Saturday, November 28, 2009

The Great Indian Dichotomy

As my autorickshaw meanders through Pune's chaotic traffic, the disorder around me doesn't cease to amaze me. What is it with India and traffic? We create chaos where none needs to exist. It's like we were given two choices, order and disorder, and we deliberately and knowingly chose the latter. How else would you explain my wonder and amazement when I actually see a straight line of cars driving one behind the other? It's so rare and it lasts for about five seconds, before some smart alec breaks the line to butt in without so much as the blink of an indicator. Why is it so hard for us to drive in lanes, and wait for our turn? This is a question that has bothered me every day that I've driven on Indian roads since returning to India some years ago.

A typical traffic jam on the road to Infosys every morning goes something like this. There's technically only one lane on either side of the road, one for incoming and the other for outgoing traffic. However, every morning, one lane miraculously expands into three to accomodate buses, cars, autos, cycles, pedestrians, tempo trucks, actual trucks, and not to mention those ghastly monstrosities called "shared autos" that spew out freshly vaporised diesel as they chug along, noisy as hell. Every vehicle and/or being on that road is jostling for the right to move ahead of the other. Somehow, this crazy mass of steel, humans, dogs, and sometimes even cattle, moves forward in the general direction of the destination.

Then there's the "law of assured interjection." Just when the road seems like it's going to implode under all the traffic piled onto it, an ambitious vehicle (two, three, or four wheeler - it doesnt matter) will begin to cut through the traffic from the left shoulder all the way to the right, to attempt a u-turn! Of course, not a cycle will stop to let this intruder pass. So the intruder nudges forward inch by inch, literally, until it now blocks half the road. However, the traffic is unrelenting. People are furious that half their road has been usurped. So what do they do about it? Common sense would say - stop and let the intruder take the damned u-turn so we can all be rid of 'em once and for all. But no. We will continue to forge ahead. The only difference is that now, we'll squeeze through the little bit of space that the intruder has not yet occupied. But move ahead we will. After all, we are 'forward looking' people, no?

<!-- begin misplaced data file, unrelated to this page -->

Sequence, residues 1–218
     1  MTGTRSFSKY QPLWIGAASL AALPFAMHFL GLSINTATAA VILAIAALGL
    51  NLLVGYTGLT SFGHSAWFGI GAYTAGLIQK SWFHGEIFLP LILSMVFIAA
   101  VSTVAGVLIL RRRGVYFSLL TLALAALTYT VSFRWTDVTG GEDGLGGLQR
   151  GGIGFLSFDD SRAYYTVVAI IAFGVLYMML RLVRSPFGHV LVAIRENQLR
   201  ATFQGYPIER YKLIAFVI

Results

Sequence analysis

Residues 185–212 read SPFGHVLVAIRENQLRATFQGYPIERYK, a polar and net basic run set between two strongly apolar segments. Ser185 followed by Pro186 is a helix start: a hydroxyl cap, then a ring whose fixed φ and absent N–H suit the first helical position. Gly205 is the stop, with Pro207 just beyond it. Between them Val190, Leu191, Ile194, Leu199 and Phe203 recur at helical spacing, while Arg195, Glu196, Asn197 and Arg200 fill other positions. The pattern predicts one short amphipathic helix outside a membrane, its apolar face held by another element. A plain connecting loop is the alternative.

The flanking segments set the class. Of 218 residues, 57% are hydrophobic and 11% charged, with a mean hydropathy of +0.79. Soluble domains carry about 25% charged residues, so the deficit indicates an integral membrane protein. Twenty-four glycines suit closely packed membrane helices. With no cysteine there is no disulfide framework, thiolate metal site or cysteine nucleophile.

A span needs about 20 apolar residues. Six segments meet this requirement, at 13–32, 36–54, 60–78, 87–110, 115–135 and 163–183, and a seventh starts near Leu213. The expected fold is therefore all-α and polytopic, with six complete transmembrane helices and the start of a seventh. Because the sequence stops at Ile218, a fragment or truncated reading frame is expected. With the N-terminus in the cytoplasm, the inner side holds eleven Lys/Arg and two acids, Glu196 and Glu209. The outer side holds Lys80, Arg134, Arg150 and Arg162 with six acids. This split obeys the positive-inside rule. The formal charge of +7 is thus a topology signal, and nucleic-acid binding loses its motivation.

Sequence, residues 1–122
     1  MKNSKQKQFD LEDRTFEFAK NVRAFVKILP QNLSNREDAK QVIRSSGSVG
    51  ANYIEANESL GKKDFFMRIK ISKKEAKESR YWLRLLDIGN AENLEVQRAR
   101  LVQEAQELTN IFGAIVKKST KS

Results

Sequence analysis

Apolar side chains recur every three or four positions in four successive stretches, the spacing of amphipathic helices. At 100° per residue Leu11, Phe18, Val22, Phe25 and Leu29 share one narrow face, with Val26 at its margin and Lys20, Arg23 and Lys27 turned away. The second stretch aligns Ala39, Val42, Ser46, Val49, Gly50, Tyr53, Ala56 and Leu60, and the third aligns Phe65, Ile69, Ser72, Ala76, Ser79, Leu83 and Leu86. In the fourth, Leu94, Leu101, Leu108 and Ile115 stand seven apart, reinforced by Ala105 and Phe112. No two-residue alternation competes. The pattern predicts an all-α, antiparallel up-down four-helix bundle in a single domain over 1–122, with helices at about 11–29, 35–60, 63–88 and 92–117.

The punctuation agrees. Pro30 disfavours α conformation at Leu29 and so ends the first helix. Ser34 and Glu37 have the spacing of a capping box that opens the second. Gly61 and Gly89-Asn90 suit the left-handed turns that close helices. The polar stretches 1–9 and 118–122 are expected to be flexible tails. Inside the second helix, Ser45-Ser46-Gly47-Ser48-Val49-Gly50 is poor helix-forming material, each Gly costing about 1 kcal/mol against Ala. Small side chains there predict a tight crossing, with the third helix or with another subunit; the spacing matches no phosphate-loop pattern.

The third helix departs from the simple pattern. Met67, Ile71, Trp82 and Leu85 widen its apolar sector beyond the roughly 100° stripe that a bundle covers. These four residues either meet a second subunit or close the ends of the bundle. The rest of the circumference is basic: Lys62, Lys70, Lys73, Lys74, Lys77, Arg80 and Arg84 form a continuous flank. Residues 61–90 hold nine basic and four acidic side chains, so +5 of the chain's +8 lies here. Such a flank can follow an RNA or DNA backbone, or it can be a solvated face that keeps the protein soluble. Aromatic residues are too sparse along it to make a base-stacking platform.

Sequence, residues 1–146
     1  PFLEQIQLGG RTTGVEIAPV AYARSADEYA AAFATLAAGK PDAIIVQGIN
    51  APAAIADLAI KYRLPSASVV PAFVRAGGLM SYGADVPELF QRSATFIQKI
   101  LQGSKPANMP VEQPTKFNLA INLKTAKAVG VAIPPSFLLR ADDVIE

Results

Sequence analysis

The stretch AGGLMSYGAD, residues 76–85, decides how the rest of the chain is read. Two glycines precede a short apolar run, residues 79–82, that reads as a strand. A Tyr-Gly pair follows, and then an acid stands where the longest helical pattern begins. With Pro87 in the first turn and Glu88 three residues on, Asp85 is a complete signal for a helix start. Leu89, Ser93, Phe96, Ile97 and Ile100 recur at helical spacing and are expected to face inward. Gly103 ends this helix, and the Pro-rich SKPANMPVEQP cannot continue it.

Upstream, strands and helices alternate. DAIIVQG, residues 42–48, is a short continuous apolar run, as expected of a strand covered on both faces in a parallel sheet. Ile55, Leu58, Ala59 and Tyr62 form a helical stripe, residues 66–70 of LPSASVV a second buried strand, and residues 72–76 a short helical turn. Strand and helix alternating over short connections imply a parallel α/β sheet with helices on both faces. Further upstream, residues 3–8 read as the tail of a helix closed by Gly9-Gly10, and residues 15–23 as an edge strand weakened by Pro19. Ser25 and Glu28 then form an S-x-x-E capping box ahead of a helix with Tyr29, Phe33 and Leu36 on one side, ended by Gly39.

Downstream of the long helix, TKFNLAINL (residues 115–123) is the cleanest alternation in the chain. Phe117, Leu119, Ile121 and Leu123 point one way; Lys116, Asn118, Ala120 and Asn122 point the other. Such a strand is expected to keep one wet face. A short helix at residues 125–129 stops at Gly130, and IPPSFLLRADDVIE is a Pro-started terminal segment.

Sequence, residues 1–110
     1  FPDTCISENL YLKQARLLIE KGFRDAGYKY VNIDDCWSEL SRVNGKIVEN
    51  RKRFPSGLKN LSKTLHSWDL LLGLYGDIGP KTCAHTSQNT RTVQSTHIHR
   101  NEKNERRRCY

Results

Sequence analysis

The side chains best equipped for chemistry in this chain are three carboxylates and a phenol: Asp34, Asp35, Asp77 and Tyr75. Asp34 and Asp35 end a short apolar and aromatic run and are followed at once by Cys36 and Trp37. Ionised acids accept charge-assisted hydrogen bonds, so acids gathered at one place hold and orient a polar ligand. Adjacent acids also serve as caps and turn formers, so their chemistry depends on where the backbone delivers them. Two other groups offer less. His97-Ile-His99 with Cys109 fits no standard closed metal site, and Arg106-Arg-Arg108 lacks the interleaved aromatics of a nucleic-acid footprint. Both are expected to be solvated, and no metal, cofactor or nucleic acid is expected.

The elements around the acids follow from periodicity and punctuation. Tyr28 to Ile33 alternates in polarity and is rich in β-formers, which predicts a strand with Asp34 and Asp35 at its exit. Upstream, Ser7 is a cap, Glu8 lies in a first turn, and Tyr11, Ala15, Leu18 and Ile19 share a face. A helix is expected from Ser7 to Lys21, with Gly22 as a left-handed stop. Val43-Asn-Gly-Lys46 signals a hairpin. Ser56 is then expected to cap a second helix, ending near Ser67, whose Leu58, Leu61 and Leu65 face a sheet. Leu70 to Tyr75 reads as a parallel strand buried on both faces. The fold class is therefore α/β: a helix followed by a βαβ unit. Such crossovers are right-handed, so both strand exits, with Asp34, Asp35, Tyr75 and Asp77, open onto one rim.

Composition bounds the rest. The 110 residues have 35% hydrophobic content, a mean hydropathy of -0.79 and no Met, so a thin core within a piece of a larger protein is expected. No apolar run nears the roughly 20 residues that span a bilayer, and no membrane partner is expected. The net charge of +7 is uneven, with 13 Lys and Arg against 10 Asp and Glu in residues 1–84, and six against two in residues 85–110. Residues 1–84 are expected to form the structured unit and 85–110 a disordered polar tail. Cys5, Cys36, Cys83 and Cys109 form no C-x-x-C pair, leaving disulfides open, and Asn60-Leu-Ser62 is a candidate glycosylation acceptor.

What intrigues me the most is that contrary to the anarchy that we unleash on our roads, when it comes to societal rules, we're sticklers for order and structure. Do your family proud by studying only science or commerce in grades 11 and 12, (arts and humanities are for dumbos), study something "technical" in college, do an MBA (until you do, you're only half human), get a job in an MNC, get a promotion or two, work "hard" (forget that you have a life outside work), get married (the "good news" that everyone's just waiting to hear), and then have kids (the only event that qualifies as "good news" after the wedding). Then, get the kids into a "good" school, make them study something technical, force them to do an MBA. The cycle goes on. But at least it's all structured and laid out, right? No questions need to be asked. The path must be followed. At all costs. Even it if means that an entire generation is deprived of thinking about what they really want out of their lives, or choosing a career that is meaningful to them as individuals and not as heirs to their families.